The following Important Safety Information is based on a summary of the European Summary of Product Characteristics and Prescribing Information for Nucala in patients 18 and over. For the full EU Summary of Product Characteristics for Nucala, please visit: http://www.ema.europa.eu/ema/index.jsp?curl=pages/medicines/human/medicines/003860/human_med_001933.jsp&mid=WC0b01ac058001d124.
Nucala is contraindicated in patients with hypersensitivity to mepolizumab or to any of the excipients.
Nucala should not be used to treat acute asthma exacerbations.
Asthma-related adverse events or exacerbations may occur during treatment. Patients should be instructed to seek medical advice if their asthma remains uncontrolled or worsens after initiation of treatment.
Abrupt discontinuation of corticosteroids after initiation of Nucala therapy is not recommended. Reduction in corticosteroid doses, if required, should be gradual and performed under the supervision of a physician.
Acute and delayed systemic reactions, including hypersensitivity reactions (e.g. anaphylaxis, urticaria, angioedema, rash, bronchospasm, hypotension), have occurred following administration of Nucala. These reactions generally occur within hours of administration, but in some instances have a delayed onset (i.e., typically within several days). These reactions may occur for the first time after a long duration of treatment.
Herpes zoster has occurred in subjects receiving Nucala in controlled clinical trials. Consider vaccination if medically appropriate.
Eosinophils may be involved in the immunological response to some helminth infections. Patients with pre-existing helminth infections should be treated for the helminth infection before starting therapy with Nucala. If patients become infected whilst receiving treatment with Nucala and do not respond to anti-helminth treatment, temporary discontinuation of therapy should be considered.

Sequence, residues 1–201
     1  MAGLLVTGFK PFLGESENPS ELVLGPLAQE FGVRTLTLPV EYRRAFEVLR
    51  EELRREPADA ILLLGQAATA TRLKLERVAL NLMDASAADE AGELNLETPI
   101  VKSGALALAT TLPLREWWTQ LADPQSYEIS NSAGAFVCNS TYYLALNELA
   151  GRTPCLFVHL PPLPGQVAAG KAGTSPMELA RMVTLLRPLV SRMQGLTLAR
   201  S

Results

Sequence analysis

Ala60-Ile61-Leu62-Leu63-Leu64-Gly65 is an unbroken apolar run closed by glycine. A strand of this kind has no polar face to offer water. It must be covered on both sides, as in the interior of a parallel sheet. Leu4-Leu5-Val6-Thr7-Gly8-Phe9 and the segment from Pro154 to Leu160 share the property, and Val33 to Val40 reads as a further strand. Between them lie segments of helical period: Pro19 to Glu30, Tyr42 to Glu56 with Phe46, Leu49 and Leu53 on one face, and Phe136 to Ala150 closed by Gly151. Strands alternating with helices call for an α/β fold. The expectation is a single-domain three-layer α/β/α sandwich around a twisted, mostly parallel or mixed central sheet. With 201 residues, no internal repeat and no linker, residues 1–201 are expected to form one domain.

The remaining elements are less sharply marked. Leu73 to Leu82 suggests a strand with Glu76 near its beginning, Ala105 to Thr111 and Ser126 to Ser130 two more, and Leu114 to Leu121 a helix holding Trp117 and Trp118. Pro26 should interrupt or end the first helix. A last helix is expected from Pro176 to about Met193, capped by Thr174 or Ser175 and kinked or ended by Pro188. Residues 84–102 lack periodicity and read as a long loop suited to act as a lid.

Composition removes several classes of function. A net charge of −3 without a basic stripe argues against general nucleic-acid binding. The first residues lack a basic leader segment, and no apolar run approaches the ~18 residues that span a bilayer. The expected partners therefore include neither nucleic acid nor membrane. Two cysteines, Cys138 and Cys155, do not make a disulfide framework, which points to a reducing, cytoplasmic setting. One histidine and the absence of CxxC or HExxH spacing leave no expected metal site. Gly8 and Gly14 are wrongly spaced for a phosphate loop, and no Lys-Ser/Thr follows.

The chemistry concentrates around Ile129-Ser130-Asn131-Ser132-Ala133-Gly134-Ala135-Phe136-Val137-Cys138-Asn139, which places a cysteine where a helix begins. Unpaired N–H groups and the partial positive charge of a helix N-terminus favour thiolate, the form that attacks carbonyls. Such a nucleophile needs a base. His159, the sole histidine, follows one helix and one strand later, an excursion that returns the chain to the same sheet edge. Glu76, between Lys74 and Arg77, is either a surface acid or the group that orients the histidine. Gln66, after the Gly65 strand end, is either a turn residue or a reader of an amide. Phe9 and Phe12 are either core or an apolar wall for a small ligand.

In clinical studies in subjects with severe refractory eosinophilic asthma, the most commonly reported adverse reactions during treatment were headache, injection site reactions and back pain. Headache was considered very common, occurring with a frequency of ≥1/10. Common adverse drug reactions (≥1/100 to <1/10) included: lower respiratory tract infection, urinary tract infection, pharyngitis, hypersensitivity reactions (systemic, allergic), nasal congestion, upper abdominal pain, eczema, back pain, administration-related reaction (systemic, non-allergic), local injection site reactions, and pyrexia.
Injection site reactions (e.g. pain, erythema, swelling, itching, and burning sensation) occurred at a rate of 8% in subjects treated with Nucala compared with 3% in subjects treated with placebo.